Martha Smilgis
November 22, 1976 12:00 PM

In what was billed as the great love match of tennis history, America’s top-seeded woman, Chris Evert, lovingly looped a gold chain about the neck of the No. 1 gent. The pendant said simply SUPER, and Jimmy Connors vowed to wear it till death did them part. A year later, that memento was mori, supplanted by a dog tag inscribed TAKEN.

If it is any solace to Chrissie, her Jimbo was aced away by no less than the consummate star-taker in the annals of sport—Marjorie Wallace. Aside from the gold tennis ball Connors won at Forest Hills this year, now provocatively adorning her cleavage, Marjie wears a Van Cleef & Arpels watch from her great late Grand Prix racing lover, Peter Revson. She also carries at least memories of Georgie Best (the Joe Namath of British soccer) and singer Tom Jones. As for her blinding 26-diamond ring, she doesn’t deny rumors that it came from Motown mogul Berry Gordy. Suffice to say Marjie has achieved an astounding grand slam for a girl from Indianapolis who’s still only 22.

Along the way, Wallace’s dogged magnetism won her the 1974 Miss World title. But the notoriety that wafts around her like perfume got her dethroned after 104 days for failing to maintain “a first-class public image.” She now explains, “I was never the beauty queen type—boring, straight and self-righteous.” Wallace’s out-front sexuality invariably earns her epithets like “super-groupie,” but the one that hurts most is “Jinx Lady.” Her femme fatale rap is not without cause. Barely 10 months after he started dating Marjie, Revson died in a practice spin. Best was busted for allegedly trashing Marjie’s apartment and later was farmed out to the L.A. Aztecs. Even Connors is not immune, says his feisty ex-manager, Bill Riordan. Jimmy got eliminated in the quarterfinals at Wimbledon, Riordan charges, because he was unstrung by Marjie’s ticket demands and other whims.

In truth, no one can blame Wallace for Revson’s death or wild man Best’s caper of the month. Connors has rebounded to the top of his game—and the world—and simultaneously cleaned up his spoiled-brat act. Even Riordan’s come around, admitting, “Marjie’s good for Jimmy, and I give her credit. He’s temperamental and hard to live with.”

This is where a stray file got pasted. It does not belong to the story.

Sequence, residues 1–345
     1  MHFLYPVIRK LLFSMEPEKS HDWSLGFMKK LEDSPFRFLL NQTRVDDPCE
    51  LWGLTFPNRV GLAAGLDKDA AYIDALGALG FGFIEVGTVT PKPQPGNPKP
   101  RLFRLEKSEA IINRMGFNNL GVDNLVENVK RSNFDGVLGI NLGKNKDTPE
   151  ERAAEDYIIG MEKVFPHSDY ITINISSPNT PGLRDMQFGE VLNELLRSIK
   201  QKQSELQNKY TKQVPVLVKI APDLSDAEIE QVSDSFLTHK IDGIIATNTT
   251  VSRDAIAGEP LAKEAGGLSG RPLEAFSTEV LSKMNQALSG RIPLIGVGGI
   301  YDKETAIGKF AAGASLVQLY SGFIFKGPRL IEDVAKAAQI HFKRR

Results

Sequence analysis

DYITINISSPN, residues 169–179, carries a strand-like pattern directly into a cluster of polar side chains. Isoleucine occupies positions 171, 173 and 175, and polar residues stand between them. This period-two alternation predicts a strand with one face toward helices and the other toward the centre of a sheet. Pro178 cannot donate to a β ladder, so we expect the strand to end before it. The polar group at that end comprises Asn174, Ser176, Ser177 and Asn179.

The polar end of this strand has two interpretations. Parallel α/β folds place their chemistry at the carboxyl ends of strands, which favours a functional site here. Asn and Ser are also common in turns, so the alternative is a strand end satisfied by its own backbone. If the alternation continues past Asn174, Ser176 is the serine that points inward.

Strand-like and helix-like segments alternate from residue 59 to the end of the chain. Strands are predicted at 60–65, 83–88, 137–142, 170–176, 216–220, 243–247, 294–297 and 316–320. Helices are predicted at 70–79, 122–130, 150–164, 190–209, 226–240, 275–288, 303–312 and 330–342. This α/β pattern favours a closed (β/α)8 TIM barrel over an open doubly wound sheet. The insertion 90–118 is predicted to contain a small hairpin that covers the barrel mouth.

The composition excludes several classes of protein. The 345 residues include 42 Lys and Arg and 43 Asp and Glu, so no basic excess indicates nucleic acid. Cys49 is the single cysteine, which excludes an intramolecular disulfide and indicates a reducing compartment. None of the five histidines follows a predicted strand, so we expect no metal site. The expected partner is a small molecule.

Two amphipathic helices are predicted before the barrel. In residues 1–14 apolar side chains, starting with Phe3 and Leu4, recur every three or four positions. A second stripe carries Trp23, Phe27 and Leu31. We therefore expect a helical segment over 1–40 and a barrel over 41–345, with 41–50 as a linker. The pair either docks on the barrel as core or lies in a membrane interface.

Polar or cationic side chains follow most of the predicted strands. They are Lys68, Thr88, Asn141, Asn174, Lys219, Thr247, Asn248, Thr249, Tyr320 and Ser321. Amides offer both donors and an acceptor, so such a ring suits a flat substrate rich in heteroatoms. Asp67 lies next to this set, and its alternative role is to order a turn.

The clincher, moreover, of Wallace’s influence is not that she has replaced Evert but that she’s weaning Jimbo finally, at 24, from his domineering mother-coach, Gloria Connors. He moved out of his mom’s Beverly Hills hacienda six months ago to live quietly and anonymously with Marjie and their schnauzer, Sneakers, in a tiny, two-room pad in west L.A. “Marjie takes good care of me,” Jimmy allows. “I don’t have to run around chasing anymore.” Marjie concurs. “If he’s let me down, I don’t know about it. Women are available to him wherever he goes. But,” she adds unnecessarily, “men are available to me.”

Jimmy and Marjie are together almost constantly, and she traveled as far as Cologne for one of his tournaments last week. On the road, they eat in hotel rooms and crawl under the covers often as early as 8:30. (Before a big match, it’s purely to watch TV. “When I say Jimmy is disciplined,” Marjie whispers, “I mean disciplined.”) Jimmy’s also shed 25 pounds lately—which, Wallace says, has nothing to do with her cooking. “We’re junk food junkies,” she laments. “Jimmy may turn into a Pepsi, and I’d kill for cherry pie and ice cream.” Yet she remains at her playing weight of 110. Wallace’s other stats from Miss World files are height 5’6″ and 35-23-35.

She grew up in suburban Indianapolis, where her family ran an industrial supply business and “dancing at the Holiday Inn was the biggest thing in town.” Her parents divorced when she was 14, and Marjie drifted into truancy, once splitting with a girlfriend as far as Miami. “My mother always says that if I ever have a daughter, I deserve to have one like myself,” she laughs. Always competitive, she won ribbons in local swimming meets and made high school cheerleader but then started commuting to Chicago to model. At 17, Marjie moved in with a guitarist of a local rock group called Pure Funk. “I never thought of marriage and would have said no if he asked me,” she declares. “I knew there was more.”